"Within women’s and gender studies, the language of intersectionality is often appropriated to mean putting together already existing theoretical frameworks, or including the experiences of those “left out” of white feminist projects, in a way that evades theoretical consideration of race altogether. Thus, grappling with intersectionality is often mistakenly reduced to a call to include the experiences of women of color. Sidestepping the challenge to feminism inherent in the theoretical and political project of intersectionality, this framework of inclusion fails to confront racism for a number of reasons.
First, to include women of color into women’s and gender studies leaves the core concepts of the field intact and suggests that the lives of women of color are just another area of study that can be analyzed in the same way that white women’s experiences have been. Rather than take seriously the theories of race and gender and the feminist politics that emerge when the experiences of women of color are centered, inclusion simply invites women of color into a project that has already been defined in relation to the experiences of white women (Alarcón 1991; A. Smith 2004). Instead of taking intersectionality as a call to fundamentally transform (or abandon) frameworks that cannot grapple with racial difference, inclusion frequently preserves those frameworks as they are by simply adding to them.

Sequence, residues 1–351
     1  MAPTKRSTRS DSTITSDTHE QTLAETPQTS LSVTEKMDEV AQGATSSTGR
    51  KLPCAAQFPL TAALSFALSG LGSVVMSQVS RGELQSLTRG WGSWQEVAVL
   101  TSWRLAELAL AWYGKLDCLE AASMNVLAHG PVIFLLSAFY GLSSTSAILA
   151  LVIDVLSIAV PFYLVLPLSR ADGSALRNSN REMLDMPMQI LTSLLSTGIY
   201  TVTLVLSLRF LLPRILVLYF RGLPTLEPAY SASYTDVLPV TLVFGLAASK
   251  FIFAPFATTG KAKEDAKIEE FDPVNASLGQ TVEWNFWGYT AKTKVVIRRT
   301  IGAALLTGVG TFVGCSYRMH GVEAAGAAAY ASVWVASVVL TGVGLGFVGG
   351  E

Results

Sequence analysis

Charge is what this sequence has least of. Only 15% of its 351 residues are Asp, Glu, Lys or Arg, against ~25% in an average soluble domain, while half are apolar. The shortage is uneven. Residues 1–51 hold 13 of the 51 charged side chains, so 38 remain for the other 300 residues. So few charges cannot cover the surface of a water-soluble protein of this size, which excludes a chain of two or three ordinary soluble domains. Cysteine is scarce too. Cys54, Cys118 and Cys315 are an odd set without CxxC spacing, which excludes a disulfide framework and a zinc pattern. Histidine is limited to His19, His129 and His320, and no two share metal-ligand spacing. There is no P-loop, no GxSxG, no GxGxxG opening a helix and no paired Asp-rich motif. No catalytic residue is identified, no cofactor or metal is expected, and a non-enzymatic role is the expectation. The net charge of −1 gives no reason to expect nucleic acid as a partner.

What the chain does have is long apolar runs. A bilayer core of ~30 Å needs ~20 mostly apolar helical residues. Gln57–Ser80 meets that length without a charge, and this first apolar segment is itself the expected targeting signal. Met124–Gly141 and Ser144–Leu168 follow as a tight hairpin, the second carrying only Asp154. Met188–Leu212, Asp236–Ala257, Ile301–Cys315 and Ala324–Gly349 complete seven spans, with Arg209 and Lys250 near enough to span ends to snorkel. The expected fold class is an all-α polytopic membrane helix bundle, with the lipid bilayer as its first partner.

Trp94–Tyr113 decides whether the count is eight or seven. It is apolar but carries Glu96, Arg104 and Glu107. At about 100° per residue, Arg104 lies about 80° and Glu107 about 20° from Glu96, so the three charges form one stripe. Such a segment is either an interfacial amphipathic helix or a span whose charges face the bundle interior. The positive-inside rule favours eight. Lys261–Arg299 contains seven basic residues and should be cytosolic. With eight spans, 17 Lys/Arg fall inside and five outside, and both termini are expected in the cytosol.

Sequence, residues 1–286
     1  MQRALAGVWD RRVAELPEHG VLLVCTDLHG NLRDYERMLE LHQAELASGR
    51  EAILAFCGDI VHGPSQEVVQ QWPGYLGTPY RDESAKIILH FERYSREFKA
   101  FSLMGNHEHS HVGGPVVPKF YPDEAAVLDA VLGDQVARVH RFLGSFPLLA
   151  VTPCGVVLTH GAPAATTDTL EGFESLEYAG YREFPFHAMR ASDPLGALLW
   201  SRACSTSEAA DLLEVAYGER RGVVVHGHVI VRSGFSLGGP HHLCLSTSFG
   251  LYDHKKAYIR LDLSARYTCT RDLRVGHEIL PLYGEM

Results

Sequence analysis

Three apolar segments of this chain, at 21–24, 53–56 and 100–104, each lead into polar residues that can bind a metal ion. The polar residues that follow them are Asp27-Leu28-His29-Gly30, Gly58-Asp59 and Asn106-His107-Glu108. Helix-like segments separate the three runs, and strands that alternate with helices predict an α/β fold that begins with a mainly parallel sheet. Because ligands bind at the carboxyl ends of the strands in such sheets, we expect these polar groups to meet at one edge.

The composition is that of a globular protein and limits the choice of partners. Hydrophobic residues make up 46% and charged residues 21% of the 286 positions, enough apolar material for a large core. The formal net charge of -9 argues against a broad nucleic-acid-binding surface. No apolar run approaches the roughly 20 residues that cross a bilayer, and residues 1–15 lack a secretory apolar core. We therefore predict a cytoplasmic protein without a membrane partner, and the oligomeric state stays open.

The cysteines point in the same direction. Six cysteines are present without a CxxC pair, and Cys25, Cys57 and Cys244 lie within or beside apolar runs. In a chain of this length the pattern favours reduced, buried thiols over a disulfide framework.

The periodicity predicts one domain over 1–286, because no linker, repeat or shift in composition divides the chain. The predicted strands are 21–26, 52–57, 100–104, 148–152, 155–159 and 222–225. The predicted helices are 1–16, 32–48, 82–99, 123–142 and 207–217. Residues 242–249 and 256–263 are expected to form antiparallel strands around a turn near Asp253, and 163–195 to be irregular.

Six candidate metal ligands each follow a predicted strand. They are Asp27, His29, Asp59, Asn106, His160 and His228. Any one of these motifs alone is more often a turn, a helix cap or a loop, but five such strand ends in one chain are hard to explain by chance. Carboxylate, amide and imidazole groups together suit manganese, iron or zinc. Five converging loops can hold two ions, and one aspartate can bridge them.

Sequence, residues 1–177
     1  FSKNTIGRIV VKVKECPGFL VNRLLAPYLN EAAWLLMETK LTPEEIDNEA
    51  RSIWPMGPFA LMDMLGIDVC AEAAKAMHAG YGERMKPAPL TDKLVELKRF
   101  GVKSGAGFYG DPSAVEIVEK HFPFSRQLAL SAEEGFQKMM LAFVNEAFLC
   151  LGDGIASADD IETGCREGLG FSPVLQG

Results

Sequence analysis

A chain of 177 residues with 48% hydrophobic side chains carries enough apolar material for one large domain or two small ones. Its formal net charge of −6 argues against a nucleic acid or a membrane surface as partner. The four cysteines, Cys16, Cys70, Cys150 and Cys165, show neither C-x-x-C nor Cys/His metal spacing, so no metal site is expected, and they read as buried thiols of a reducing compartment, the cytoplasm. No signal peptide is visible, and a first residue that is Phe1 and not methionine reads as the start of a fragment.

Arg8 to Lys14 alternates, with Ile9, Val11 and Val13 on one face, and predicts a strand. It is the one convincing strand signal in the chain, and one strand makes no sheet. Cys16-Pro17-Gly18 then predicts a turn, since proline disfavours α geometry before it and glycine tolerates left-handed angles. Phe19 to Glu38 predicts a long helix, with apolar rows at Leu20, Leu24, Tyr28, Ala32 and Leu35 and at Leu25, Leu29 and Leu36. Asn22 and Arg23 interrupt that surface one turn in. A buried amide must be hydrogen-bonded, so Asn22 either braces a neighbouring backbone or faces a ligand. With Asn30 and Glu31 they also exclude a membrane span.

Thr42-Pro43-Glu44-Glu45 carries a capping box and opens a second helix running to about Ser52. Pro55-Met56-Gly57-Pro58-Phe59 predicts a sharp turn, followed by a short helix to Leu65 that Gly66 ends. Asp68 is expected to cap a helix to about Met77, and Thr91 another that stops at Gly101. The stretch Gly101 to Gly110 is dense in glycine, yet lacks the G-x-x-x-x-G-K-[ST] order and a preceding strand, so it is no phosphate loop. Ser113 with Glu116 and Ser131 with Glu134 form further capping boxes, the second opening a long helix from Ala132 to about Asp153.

Second, inclusion often fails to take into account the relationality of different women’s experiences and instead repositions white women’s experiences as the norm from which experiences of women of color differ. As Elsa Barkley Brown notes, the point is not just that women of color and white women have different experiences but rather that racism is a structure of power in which ‘white women live the lives they do in large part because women of color live the ones they do (E. Brown 1992, 298).
Finally, including the experiences of women of color does not require the development of theoretical approaches that demonstrate how race is gendered and gender is raced beyond the scale of individual experiences. What emerges from inclusion is a focus on accounting for different identities rather than on critically interrogating the mechanisms of power by which particular identities are produced as such."
Priya Kandaswamy (via wretchedoftheearth